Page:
Understanding The 401(k) Plan

The 401(k) is just one type of many retirement plans that is sponsored by one’s employer. It is a type of retirement plan that allows an employee to save a portion of earnings for retirement while putting taxes on it on hold for awhile up until the fund has been withdrawn.

As an employee benefit, a 401(k) must be sponsored by an employer, usually that of a private corporation, although a self-employed individual may be able to do so as well. As an employee benefit, it is up to the employer to design and set-up a 401(k) plan for his employees.

A 401(k) plan is a type of profit sharing plan that has its own cash and deferment arrangement. It can differ from your typical pension plan in that the contributions are voluntary and that the benefits or contributions are not defined. 401(k) plans are also considered as tax-qualified plans and its assets generally protected from the creditors.

In case of employer bankruptcy, the assets included in the 401(k) are safely protected unlike other types of pension plans. But in the same manner, the value of the employee 401(k) may be affected if it has been invested in employer stock if in case that employer goes out of business.

Another advantage of a 401(k) plan is that some companies may be able to match employee contributions to some extent. This acts as an incentive for the employee to be motivated to save more for retirement. This may depend upon the employer and may usually be in force as long as the employee stays with the same company, therefore may also persuade employees to stay with the employer.

When an employee leaves a job, his or her 401(k) plan may continue to be active and can become one for the rest of the plan holder’s life. Some companies may also charge a fee in order to maintain the 401(k) of a former employee. But it will also depend on the employee’s next company.

If an individual transfers to a new company that hosts its own 401(k) account, that individual may be able to roll over his or her previous 401(k) plan to the one hosted by the new employer. In the absence of a new 401(k) account in the new company, the employee may also have the option to have his or her previous 401(k) plan into an IRA plan at an independent financial institution. These options are for the 401(k) plan holder to decide upon.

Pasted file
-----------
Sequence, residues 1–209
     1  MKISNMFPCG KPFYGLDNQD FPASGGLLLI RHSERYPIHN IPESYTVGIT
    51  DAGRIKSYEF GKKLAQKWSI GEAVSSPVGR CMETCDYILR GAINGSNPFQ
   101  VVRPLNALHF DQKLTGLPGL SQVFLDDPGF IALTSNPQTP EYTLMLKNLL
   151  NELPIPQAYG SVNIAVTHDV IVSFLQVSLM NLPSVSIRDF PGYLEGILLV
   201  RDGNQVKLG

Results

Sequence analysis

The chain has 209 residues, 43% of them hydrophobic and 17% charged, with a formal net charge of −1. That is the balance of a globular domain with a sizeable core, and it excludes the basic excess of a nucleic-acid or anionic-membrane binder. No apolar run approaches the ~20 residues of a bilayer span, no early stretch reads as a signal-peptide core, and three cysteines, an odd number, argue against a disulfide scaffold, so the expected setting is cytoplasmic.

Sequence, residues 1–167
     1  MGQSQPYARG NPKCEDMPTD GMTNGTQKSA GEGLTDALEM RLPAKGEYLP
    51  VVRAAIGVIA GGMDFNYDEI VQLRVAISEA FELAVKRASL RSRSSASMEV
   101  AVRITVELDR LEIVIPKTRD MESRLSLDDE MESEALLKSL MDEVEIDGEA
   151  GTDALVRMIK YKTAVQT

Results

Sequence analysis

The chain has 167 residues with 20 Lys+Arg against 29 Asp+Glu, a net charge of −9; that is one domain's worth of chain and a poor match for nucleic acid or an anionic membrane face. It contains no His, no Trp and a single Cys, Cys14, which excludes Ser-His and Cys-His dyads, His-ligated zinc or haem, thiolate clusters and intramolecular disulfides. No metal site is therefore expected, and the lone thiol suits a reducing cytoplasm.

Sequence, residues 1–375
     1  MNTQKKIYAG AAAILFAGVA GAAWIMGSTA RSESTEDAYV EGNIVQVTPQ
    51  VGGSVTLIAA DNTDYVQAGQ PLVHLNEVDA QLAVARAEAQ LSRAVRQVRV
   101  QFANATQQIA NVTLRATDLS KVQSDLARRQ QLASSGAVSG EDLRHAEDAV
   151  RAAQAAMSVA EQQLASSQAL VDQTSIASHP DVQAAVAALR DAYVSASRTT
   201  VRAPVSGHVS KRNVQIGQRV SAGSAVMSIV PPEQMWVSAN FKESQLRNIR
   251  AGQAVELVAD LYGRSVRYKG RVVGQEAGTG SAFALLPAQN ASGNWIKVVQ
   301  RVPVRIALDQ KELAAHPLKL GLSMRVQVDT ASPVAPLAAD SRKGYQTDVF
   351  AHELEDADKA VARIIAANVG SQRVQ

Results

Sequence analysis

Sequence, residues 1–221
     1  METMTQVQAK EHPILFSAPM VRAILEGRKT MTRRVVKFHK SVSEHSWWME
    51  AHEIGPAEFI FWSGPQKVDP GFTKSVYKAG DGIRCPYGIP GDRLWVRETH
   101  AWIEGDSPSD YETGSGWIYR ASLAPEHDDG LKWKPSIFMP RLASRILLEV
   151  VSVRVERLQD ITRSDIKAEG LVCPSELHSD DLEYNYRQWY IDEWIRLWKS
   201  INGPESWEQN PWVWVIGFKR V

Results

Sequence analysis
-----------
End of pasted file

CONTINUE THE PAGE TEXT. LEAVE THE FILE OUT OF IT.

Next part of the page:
401(k) plans may offer certain advantages to employees. One of the advantages is that the employee may be able to decide how much is to be invested in the 401(k) plan. Other traditional pension plans may not have this option and instead provide only a specified amount that would be taken from the plan holder’s paycheck.

Another benefit offered by 401(k) plans is that income from the plan is not taxable while it remains untouched. The tax may only be charged upon the income once they are withdrawn from the plan. This allows the investment in the 401(k) to grow better with more money that would have otherwise gone to taxes.

401(k) plans also offer additional options to holders where they invest their money. Instead of contributing to a mutual fund or simply investing in the company’s stock. 401(k) plans allow plan holders to have the option of investing in a wide selection of stocks, bonds and other investments.

 

Posted by Ardent Editor on Sep 19 2007 in 401k & Company Plans

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